Page Banner

United States Department of Agriculture

Agricultural Research Service

Title: Use of High Pressure and Supercritical Carbon Dioxide for Protein Production, Processing and Modification

item Tomasula, Peggy
item Van Hekken, Diane

Submitted to: Meeting Abstract
Publication Type: Abstract Only
Publication Acceptance Date: November 5, 2005
Publication Date: April 30, 2006
Citation: Tomasula, P.M., Van Hekken, D.L. 2006. Use of high pressure and supercritical carbon dioxide for protein production, processing and modification. 97th Annual American Oil Chemists' Society National Meeting. Book of Abstracts. P7.

Technical Abstract: The food and chemical processing industries are seeking ways to include green chemistry methods in their processes to minimize generation of waste streams that require additional processing before disposal or reuse. The use of high pressure or supercritical carbon dioxide (CO2) in precipitation processes or chemical reactions is an environmentally friendly solution that replaces the need for acidic aqueous solutions or many of the organic solvents that are used in precipitation processes or chemical reactions. In our laboratory, we have demonstrated the use of high pressure and supercritical CO2 to remove targeted dairy, soy and corn proteins from solution by precipitation; in a process that facilitates the fractionation of the whey proteins into their component proteins; as a means to prepare edible films from dairy proteins with improved humidity resistance and oxygen permeability properties; as an aid to accelerate the cheese making process without destroying the viability of cheese starter cultures in the cheesemilk; and, more recently as media for modifying the structure and functionality of dairy proteins by chemical reaction. Equipment was also designed that allows continuous processing with pressurized CO2 streams. Each of these developments will be discussed as well as the challenges that remain for further utilization of this technology.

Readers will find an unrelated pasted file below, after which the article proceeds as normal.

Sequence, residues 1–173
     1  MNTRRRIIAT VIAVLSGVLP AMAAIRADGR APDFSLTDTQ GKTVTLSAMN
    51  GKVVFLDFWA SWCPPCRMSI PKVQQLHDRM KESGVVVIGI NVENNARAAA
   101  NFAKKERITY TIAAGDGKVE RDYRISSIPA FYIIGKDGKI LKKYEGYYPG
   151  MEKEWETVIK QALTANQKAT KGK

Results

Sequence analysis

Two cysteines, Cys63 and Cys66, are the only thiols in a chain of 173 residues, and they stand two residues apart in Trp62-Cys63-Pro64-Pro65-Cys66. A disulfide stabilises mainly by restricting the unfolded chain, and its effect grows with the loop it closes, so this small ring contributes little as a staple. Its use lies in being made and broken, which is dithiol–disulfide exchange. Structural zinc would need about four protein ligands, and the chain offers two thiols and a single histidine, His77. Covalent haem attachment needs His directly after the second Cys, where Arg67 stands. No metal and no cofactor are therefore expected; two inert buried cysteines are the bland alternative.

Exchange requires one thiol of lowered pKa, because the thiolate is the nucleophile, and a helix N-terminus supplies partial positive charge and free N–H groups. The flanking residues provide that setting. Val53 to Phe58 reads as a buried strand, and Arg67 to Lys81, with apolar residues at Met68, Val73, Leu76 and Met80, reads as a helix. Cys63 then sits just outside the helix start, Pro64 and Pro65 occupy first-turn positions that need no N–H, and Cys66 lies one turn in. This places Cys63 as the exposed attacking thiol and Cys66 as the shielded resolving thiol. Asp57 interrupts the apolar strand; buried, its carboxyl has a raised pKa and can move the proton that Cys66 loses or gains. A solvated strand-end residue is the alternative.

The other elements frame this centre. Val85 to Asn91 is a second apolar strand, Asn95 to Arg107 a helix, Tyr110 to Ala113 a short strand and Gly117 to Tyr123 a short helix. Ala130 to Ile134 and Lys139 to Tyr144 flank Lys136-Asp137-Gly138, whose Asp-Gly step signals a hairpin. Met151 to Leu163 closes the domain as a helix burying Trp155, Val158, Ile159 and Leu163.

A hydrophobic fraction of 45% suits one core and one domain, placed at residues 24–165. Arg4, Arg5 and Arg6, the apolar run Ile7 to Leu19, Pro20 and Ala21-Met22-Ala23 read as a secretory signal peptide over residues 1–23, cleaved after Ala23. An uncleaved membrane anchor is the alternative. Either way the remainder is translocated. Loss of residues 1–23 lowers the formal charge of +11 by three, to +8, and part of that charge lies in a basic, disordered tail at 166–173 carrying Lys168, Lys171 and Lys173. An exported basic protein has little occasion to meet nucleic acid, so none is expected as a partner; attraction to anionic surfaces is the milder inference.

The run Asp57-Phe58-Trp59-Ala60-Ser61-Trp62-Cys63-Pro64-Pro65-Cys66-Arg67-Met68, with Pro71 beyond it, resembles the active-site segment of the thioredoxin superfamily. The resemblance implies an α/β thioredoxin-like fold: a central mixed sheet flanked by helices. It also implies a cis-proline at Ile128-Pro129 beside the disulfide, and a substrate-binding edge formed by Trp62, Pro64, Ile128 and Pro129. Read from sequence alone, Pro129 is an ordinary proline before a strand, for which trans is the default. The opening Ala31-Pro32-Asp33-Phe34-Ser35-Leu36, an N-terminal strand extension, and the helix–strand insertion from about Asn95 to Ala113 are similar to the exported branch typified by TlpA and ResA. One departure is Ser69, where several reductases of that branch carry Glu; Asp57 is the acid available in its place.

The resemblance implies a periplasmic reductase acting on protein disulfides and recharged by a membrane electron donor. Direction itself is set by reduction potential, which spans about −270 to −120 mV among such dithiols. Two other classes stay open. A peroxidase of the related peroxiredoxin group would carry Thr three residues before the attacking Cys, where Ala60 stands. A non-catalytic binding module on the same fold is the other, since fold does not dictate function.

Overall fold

Last Modified: 4/19/2015
Footer Content Back to Top of Page